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Siblings Without Rivalry: How to Help Your…
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Siblings Without Rivalry: How to Help Your Children Live Together So You… (1987)

by Adele Faber, Elaine Mazlish

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6711314,276 (4.06)5
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  1. 00
    "Mom, Jason's Breathing on Me!": The Solution to Sibling Bickering by Anthony Wolf (justrumbelledearie)
    justrumbelledearie: Similar philosophy, written in a similarly easy-to-digest style.
  2. 00
    How to Talk So Kids Will Listen & Listen So Kids Will Talk by Adele Faber (dchaikin)
    dchaikin: Same authors and structure. Actually, read How to Talk before you read this one.
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Showing 1-5 of 12 (next | show all)
Not a very good book, didn't help much, they're immature people living in the same house, quarreling over limited resources...gotta live with that. ( )
  DinadansFriend | Dec 22, 2013 |
This book drives me nuts. I've had it recommended frequently, and the ideas make sense, but the chatty, fake-therapy-session format is so hard for me to read I kept giving up part way through. I finally decided to read one chapter at a time and see if that helped.

1. Kids need to learn the skills that are necessary to building caring relationships and dealing with others who are different than they are. Parents should focus on teaching those skills rather than worrying about the current drama or imposing their ideas about family life.

2. Parents should empathize and mirror their children's expressed negative feelings. Restating them as wishes can be helpful, as can recasting them as creative activity. Kids who injure their siblings need to be redirected into non-violent expressions. It's usually better to model the behavior yourself than to describe it.

3. Comparing children only creates bad feelings and problems. Stick to describing the behavior you see (or want to see) and your feelings about it. Try not to mention other children at all.

4. Parents and kids want to be fair, but trying to make everything equal leads to madness and resentment. Better to focus on giving each child what they need. This can be physical ("Are you still hungry?") or emotional ("It's hard to be patient when it seems like she is the center of attention.") Try to give attention to what is unique and valued in each child.

5. No child should be identified as "the ______ one." It traps that child in the role and keeps other children from exploring that part of their personality. Focus on the child's behavior. Emphasize abilities rather than problems, and avoid labels.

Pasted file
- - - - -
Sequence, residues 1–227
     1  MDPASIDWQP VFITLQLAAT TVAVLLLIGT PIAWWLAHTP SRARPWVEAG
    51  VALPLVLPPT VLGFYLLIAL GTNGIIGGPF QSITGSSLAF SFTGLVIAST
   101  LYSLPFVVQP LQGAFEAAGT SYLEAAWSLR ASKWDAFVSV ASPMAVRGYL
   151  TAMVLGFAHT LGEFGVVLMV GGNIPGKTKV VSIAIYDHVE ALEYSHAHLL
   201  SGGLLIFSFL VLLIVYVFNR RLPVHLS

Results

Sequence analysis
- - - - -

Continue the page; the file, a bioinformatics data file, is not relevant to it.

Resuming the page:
6. How to respond to fighting depends on how serious it is. Kids can't be allowed to hurt each other, and minor disagreements can be ignored. For serious arguments: acknowledge their anger; state each child's position; describe the problem; say you know they can solve it fairly; leave the room. Ask if they are playing or fighting if you can't tell. Describe what you see and if necessary, separate them.
  teckelvik | Sep 13, 2012 |
This book challenges the idea that constant, unpleasant conflict is natural and unavoidable, and in action-oriented, easy to understand anecdotes and stories shows the many ways you can teach your children how to get alone. ( )
  LLLSouthCentralMiami | Apr 26, 2010 |
Indispensible for anyone with more than one child. ( )
  stephaniechase | Mar 16, 2010 |
This book is more or less a parenting classic, so far as I can tell: the ultimate guide to dealing with sibling rivalry in kids from birth to teens, with a good moral at the end about repairing sibling relationships as an adult. And, honestly, I wasn’t totally impressed.

For my entire review, see: http://sanctimommy.wordpress.com/2009/09/16/siblings-without-rivalry/ ( )
  TBS_library | Jan 9, 2010 |
Showing 1-5 of 12 (next | show all)
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Author nameRoleType of authorWork?Status
Adele Faberprimary authorall editionsconfirmed
Mazlish, Elainemain authorall editionsconfirmed
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Epigraph
"Behold how good and how pleasant it is for brothers and sisters to dwell together in unity."
The Book of Psalms
Dedication
To all the grown-up siblings
who still have a
hurt child inside them.
First words
I secretly believed that sibling rivalry was something that happened to other people's children.
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Amazon.com Amazon.com Review (ISBN 0380799006, Paperback)

With a title like this, it's no surprise that authors Adele Faber and Elaine Mazlish had a monster bestseller on their hands when the book first appeared in 1988. From the subsequent deluge of readers' stories, questions, and issues, they have created nearly 50 pages of new material for this, the 10th anniversary edition. The central message remains the same, and sounds almost too simple: avoid comparisons. But parents know that's easier said than done. The value of Faber and Mazlish's discussions is precisely that they talk you through umpteen different situations and outcomes to help you teach your brawling offspring a new set of responses. The highly informative text is punctuated with helpful summary/reminder boxes and cartoons illustrating key points. It's a must-read for parents with (or planning on) multiple children. But parents of young children who get along fine (so far) should read it too--as the authors make very clear, rivalry is inevitable. The only question is how to manage the rivalry with intelligence and compassion, and on that subject they offer a wealth of good advice. --Richard Farr

(retrieved from Amazon Mon, 30 Sep 2013 13:34:56 -0400)

(see all 4 descriptions)

Describes simple but effective ways to reduce the antagonism between siblings.

» see all 4 descriptions

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